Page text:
It's rewarding to think of symbols for a story using something from the animal world be it a bird, fish, mammal, reptile or insect. They can add something to the story and give the writer a little more depth not only for their character but to the events. It can be a small creature or a very large and frightening one.


For life, seeing such things, even better getting a photo adds excitement. In a book, it can help tell the story.

Sunday, September 23, 2012

Praying Mantis


For the week before the fall equinox, it might have seemed nothing had been happening in the writing of my new book. No writing on it can be proven, nothing has ended up on the hard drive. A lot is happening though-- most of it in my head.

With the lead characters laid out as to their personalities, secondary characters making themselves known, the issue right now is knowing the historic facts I need. Currently I am reading The United States Marshals of New Mexico & Arizona Territories 1846-1912 by Larry D. Ball. It is helping me understand better the role of a United States Marshal and making me wonder if I really want the hero of that second book to be one. Maybe sheriff of Pima County would be better. I'll know better when I finish the book.

In terms of plotting, I know the next steps in the story between hero and heroine but am thinking a lot on what else happens. I am getting a better sense of who the villain will be. I am thinking about where the /\/\/\/ goes in terms of action. I think I mentioned the W before how you build excitement, release it, build it again, release, sometimes smaller and less intense before comes the final build up to hopefully a rewarding climax.

One thing I believe, after having written thirteen books, with two in the nymph stage, about writing a new book is it should not be always happening. Writing a book should not be on a timetable, and it should not be pushed to happen. It's about patience, waiting, thinking, planning, exploring, collecting, and being ready when the time comes to lay it down fast.

Last week a praying mantis returned again to the yard. Now they are likely here all along but not seen by me. I do look for them, but they aren't showy of colors or behavior like a dragonfly or butterfly.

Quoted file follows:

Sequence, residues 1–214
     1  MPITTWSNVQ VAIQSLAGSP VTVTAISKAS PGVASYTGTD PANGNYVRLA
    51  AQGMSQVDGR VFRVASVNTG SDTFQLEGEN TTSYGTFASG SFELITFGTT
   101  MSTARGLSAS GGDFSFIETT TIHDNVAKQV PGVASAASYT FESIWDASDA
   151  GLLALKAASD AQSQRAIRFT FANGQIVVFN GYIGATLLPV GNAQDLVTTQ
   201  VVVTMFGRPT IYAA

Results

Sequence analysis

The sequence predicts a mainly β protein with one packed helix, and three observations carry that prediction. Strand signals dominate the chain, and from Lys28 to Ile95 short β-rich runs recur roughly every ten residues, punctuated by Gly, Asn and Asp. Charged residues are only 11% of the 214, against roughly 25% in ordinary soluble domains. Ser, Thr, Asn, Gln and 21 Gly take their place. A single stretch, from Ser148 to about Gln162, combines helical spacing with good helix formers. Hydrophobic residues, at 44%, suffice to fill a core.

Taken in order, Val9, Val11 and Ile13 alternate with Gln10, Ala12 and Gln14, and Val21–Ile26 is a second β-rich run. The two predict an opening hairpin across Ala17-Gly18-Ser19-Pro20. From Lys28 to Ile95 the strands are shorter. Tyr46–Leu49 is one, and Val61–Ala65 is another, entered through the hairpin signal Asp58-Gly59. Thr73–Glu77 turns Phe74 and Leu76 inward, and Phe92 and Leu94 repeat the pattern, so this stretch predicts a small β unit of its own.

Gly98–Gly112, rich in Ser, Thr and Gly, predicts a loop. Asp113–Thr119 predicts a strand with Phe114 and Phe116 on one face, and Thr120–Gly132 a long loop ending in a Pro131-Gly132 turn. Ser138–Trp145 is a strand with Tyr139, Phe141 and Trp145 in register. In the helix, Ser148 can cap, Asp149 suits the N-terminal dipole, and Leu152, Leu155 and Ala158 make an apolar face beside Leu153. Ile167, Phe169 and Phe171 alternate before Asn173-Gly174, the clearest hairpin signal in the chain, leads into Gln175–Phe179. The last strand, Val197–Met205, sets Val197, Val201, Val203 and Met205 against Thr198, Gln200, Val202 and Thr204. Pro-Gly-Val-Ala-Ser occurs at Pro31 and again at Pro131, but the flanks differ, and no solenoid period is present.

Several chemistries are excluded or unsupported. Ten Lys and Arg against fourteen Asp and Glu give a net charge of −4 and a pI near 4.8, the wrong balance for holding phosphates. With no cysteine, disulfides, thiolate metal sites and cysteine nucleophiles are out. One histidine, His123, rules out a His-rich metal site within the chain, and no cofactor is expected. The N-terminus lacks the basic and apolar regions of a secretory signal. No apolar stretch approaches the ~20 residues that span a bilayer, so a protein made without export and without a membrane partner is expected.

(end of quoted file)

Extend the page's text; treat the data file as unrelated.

The praying mantis is seen when it's ready. Given the season, this one was probably looking for a place to lay her eggs. I cannot think of an insect, except maybe a spider that seems to move with such slow purpose and without fear of humans-- apparently.


Of all the blogs I have written, the one drawing the most visitors, with still leaving comments several years after I wrote it, was the one on the praying mantis. People are fascinated by them and curious as to their meaning.

Because I believed, for me, that this praying mantis related to writing, perhaps wants to be a character in the lawman's story, I went looking for spiritual symbolism and came across this:

"The mantis comes to us when we need peace, quiet and calm in our lives. Usually the mantis makes an appearance when we've flooded our lives with so much business, activity, or chaos that we can no longer hear the still small voice within us because of the external din we've created. After observing this creature for any length of time you can see why the symbolism of the praying mantis deals with stillness and patience. The mantis takes her time, and lives her life at her own silent pace"
It suits how I feel right now about the writing. I am collecting information  and images-- even have most of a cover worked out. Meanwhile I am grateful to the praying mantis for the photographs for which it posed so nicely with over 30 shots-- 4 or 5 coming out very revealing of her personality.